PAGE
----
Sea Dogs (video game)

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Sea Dogs
Producer(s)Joel Breton
Designer(s)Dmitry Arkhipov
Programmer(s)Dmitry Demianovsky
Artist(s)Sergey Kapitsin
Alexey Malnov
Composer(s)Yury Poteenko
Platform(s)Microsoft Windows
ReleaseNovember 24, 2000[1]
Mode(s)Single player

Sea Dogs (Корсары) is a 2000 Russian role-playing video game for Microsoft Windows, developed by Akella and published by Bethesda Softworks. In it, the player is the captain of a ship and can serve as a privateer to a European power, or as a pirate. The game uses a custom 3D game engine and includes gameplay similar to Sid Meier's Pirates!, while also being a true inter-character dialog-centered RPG.

The game is often credited as one of the first successful Russian games, which had a notable influence on Russian game industry.[2] It was followed by four sequels, one of which was tied in to Disney's Pirates of the Caribbean franchise.

Plot summary[edit]

The player's character, Nicolas Sharp, was raised by his mother since he was a child. The only memories left of his father are his departure on a ship, as well as a golden medallion he gave him. Nicolas grows, and as his father did before, goes to sea to seek adventures. Soon, he is captured by the Spanish, but manages to escape with a small ship and a crew. He arrives at the central British colony, where he has to start a new life.

Since the game is nonlinear, the player may work for any of the three nations, as well as start a pirate's career. Searching for his father is always possible, but in order to succeed, the player will need to change his ship's flags a number of times. This quest will reveal the secrets of the main character's father's life story and his death, as well as his legacy.

Critical reception[edit]

Samuel Bass reviewed the PC version of the game for Next Generation, rating it four stars out of five, and stated that "Flawed design choices and lack of atmosphere aside, Sea Dogs inarguably remains one of the finest action-trading simulations since the halcyon days of Elite."[11]

Sea Dogs received "average" reviews according to the review aggregation website Metacritic.[3] IGN was impressed with it, calling it "one booty call you won't want to miss".[10] GameSpot was also positive about the game, saying it's "an adventure that can be enthralling despite its many problems".[8]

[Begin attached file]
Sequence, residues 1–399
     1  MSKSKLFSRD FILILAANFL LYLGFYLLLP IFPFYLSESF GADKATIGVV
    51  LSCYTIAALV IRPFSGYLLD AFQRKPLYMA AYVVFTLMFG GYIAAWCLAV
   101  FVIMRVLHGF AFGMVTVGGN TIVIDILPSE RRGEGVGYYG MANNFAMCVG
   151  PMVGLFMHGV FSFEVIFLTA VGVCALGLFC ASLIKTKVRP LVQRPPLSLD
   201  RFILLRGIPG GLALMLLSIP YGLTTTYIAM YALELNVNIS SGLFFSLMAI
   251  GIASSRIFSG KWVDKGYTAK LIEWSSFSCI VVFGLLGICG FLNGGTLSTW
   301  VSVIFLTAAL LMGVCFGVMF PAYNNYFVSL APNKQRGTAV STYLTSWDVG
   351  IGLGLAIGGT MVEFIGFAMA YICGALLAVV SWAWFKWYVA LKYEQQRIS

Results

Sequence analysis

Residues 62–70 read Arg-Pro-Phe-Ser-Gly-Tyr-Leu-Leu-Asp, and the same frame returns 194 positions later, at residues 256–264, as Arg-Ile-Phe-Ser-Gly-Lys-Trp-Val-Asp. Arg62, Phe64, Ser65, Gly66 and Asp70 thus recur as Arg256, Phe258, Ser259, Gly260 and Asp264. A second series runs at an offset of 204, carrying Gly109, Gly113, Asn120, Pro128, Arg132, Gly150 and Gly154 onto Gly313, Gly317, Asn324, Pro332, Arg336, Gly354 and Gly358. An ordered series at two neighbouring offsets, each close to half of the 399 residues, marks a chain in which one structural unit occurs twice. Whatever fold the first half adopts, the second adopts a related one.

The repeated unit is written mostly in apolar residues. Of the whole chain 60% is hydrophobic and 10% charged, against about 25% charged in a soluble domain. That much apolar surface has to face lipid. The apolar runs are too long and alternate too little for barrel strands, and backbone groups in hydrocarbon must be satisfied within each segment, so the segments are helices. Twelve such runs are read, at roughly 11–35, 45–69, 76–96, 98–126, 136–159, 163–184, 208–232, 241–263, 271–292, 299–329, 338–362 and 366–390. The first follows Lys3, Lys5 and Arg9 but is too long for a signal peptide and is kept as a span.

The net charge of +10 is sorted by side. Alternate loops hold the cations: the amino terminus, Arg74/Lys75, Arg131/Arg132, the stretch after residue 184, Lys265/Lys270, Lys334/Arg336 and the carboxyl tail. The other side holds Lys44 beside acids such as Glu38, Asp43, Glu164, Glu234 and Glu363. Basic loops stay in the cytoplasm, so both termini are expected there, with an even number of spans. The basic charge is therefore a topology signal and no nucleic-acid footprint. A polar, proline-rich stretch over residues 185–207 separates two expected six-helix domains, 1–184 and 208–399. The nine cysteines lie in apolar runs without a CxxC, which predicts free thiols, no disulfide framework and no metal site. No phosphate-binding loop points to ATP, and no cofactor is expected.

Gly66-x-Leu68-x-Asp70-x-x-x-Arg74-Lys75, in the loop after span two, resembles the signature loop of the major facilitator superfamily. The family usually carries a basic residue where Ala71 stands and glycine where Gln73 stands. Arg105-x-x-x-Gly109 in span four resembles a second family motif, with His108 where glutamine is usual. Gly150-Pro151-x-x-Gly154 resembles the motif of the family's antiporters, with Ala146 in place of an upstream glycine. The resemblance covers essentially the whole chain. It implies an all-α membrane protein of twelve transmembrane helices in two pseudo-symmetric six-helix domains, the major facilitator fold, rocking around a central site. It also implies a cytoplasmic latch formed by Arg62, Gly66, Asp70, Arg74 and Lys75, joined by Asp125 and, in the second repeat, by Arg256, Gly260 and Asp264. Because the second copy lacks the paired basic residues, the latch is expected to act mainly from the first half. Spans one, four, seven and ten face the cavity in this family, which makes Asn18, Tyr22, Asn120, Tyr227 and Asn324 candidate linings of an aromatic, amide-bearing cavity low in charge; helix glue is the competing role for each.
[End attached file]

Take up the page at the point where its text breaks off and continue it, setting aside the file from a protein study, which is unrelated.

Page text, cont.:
Sea Dogs has received a number of sequels, most of which do not bear the same English title due to legal reasons. The first sequel, Sea Dogs II, was renamed Pirates of the Caribbean when Disney acquired the game in mid-development. Despite being marketed as a tie-in to Pirates of the Caribbean: The Curse of the Black Pearl, which was released around the same time, it is largely unrelated to the plot elements of that film.

The second sequel, Age of Pirates: Caribbean Tales, is a direct sequel to the original Sea Dogs. The title was changed because Akella wanted to create a brand name that they could control, rather than their publisher.

Two indirect sequels would follow: Age of Pirates 2: City of Abandoned Ships and Sea Dogs: To Each His Own in 2009 and 2012, respectively. Caribbean Tales and City of Abandoned Ships would eventually be digitally re-released on GOG and Steam in 2017 under the original Sea Dogs title.


  1. ^ "Sea Dogs Release Information for PC". GameFAQs. Retrieved July 6, 2014.
  2. ^ Чеченская мафия, влияние Disney и спасительные моды: как создавались легендарные «Корсары» — Индустрия игр на DTF
  3. ^ a b "Sea Dogs for PC Reviews". Metacritic. Retrieved July 6, 2014.
  4. ^ Kazhdan, Alex. "Sea Dogs - Review". AllGame. Archived from the original on November 13, 2014. Retrieved June 25, 2015.
  5. ^ Desslock (May 2001). "Ship Shape (Sea Dogs Review)" (PDF). Computer Gaming World. No. 202. pp. 84–85. Retrieved November 24, 2017.
  6. ^ "REVIEW for Sea Dogs". GameFan. December 30, 2000.
  7. ^ "Sea Dogs". Game Informer. No. 95. March 2001.
  8. ^ a b Dulin, Ron (December 11, 2000). "Sea Dogs Review". GameSpot. Retrieved July 6, 2014.
  9. ^ McConnaughy, Tim (January 2, 2001). "Sea Dogs". GameSpy. Archived from the original on February 23, 2005. Retrieved July 6, 2014.
  10. ^ a b Steinberg, Scott (November 30, 2000). "Sea Dogs". IGN. Retrieved July 6, 2014.
  11. ^ a b Bass, Samuel (March 2001). "Finals". Next Generation. Vol. 4 no. 3. Imagine Media. p. 93.
  12. ^ Muir, Ian (July 2001). "Sea Dogs". PC Gamer: 70. Archived from the original on September 11, 2005. Retrieved July 6, 2014.
  13. ^ Anderson, Chris (2001). "PC Review: Sea Dogs". PC Zone. Archived from the original on June 24, 2007. Retrieved July 6, 2014.
  14. ^ Roberts, Josh (February 3, 2001). "Sea Dogs Review". X-Play. Archived from the original on April 17, 2001. Retrieved July 6, 2014.

External links[edit]